Being Present

Post by Olivia Martino, Registered Dietitian, Personal Trainer and Co-Owner, Nourish Northwest


I recently returned from a two week vacation, which seemed like an eternity.  My fiance and I spent the time road tripping down to Yosemite National Park and back.  It was an amazing experience meeting wonderful people, enjoying beautiful scenery and taking a break from all routines that I have become so accustomed to, which was actually quite a challenge for me.

I have written many blog posts about the importance of routine, ironically one was written a exactly a year ago.  I have always been a firm believer that in order to maintain a healthy lifestyle you have to do some planning.  You need to plan your meals, time to grocery shop and cook.  You need to plan time to exercise.  But what happens when all of this goes out the window? When all you have is a tent, a small camp stove and the freedom to spend your days how you chose?  For me, what happened was a minor freak out.  It was very stressful for me at first to not know what my next meal was, if I would get any exercise in and sometimes where I was going to be sleeping that night.  I was so used to computing my daily macronutrient balance and how my weekly workout routine would piece together to make sure I hit all the major muscle groups. I realized some of my routines had turned into borderline obsessions and this wasn’t healthy.

This stressed me out so much throughout the first few days that I wasn’t fully able to enjoy my present surroundings.  Throughout the course of the trip I was able to let a lot of these things go and learn to trust that what was going on in the present was exactly was should be going on.  In terms of nutrition, I was able to become more aware of my own internal signals of hunger and satiety, as well as types of foods my body was craving.  Since I wasn’t faced with an abundance of choices of what to eat, I was able to really think about what I needed and how to fulfill that need.  For example, since we were doing a lot of hiking, I noticed that I really craved meat.  I typically eat meat maybe 1-2x/month but I found myself needing it everyday.  I also noticed that I wasn’t eating any sweets and I wasn’t craving them.  I typically go for something sweet almost daily, because of easy accessibility.  I also learned that I don’t have to eat at the earliest signs of hunger, that I will survive if I don’t get food right away.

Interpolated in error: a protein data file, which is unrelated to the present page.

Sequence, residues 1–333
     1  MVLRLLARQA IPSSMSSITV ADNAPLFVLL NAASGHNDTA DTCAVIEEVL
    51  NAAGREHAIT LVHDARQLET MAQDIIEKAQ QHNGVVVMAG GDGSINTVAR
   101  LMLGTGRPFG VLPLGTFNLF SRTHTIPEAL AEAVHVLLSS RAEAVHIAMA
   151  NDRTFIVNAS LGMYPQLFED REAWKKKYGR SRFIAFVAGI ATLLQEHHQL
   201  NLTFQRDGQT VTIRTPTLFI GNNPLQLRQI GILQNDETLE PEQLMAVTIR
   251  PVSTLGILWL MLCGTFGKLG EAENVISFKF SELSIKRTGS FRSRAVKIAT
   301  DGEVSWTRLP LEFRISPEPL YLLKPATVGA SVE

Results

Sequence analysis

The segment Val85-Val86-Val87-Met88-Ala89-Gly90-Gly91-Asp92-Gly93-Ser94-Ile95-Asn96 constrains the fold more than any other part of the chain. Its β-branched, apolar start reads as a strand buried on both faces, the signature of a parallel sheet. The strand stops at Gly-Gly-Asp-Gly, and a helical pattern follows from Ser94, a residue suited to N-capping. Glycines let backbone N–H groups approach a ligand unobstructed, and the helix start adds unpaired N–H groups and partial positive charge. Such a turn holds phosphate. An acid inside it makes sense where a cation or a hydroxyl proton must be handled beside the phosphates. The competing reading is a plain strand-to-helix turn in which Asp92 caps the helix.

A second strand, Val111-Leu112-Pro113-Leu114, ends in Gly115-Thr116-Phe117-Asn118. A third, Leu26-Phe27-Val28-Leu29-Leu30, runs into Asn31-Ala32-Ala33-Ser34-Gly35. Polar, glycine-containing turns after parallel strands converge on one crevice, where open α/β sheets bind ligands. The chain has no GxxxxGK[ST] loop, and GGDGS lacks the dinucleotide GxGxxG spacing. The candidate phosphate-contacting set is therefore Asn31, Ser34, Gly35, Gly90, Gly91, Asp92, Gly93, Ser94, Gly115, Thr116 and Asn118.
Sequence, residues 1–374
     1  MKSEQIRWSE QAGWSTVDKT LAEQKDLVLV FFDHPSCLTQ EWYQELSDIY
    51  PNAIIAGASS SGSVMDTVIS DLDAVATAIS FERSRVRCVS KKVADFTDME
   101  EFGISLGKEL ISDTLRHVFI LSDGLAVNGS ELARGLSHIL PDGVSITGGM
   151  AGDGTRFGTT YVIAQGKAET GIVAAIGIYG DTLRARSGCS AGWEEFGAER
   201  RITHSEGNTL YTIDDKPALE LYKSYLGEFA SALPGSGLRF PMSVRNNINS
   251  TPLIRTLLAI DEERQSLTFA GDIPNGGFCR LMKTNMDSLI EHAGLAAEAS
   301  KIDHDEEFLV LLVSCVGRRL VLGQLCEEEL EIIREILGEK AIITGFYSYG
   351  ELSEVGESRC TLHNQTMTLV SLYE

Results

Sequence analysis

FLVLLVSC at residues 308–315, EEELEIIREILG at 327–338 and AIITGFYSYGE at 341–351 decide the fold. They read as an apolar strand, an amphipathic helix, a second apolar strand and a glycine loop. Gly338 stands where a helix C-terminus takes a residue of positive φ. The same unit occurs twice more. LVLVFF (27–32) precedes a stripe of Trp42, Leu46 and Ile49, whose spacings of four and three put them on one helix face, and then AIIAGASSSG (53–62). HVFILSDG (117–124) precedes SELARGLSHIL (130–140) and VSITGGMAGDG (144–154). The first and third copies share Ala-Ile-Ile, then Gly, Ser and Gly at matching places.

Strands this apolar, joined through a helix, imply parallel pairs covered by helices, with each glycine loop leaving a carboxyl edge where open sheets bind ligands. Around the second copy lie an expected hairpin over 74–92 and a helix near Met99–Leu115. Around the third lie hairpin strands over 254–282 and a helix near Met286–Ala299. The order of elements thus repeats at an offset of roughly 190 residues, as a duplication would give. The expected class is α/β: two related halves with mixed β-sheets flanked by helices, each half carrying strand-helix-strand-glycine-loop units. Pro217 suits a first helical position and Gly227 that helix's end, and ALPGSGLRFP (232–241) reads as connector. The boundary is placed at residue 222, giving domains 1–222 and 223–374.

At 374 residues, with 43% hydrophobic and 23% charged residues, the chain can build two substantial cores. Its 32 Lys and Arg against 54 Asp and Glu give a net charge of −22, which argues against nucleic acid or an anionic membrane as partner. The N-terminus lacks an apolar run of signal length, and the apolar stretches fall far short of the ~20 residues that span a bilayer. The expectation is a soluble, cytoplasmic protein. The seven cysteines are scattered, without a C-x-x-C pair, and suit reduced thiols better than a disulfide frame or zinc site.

It was a bit of a struggle throughout the trip to continually remind myself to let go of so many thoughts that were in my head about what I should be doing and what needed to happen next.  I thought a lot about what this meant about me and my personality and realized that I need to do a better job of living in the present moment.  This was a vacation that I had really needed, at a beautiful place I had never been.  I shouldn’t be wasting time worrying about things rather than taking in all of my surroundings.  One thing that I did on the trip that helped to center me is roll out my yoga mat almost every single morning, no matter where I was.  This was my quiet time to be in nature, take in my surroundings and calm my mind.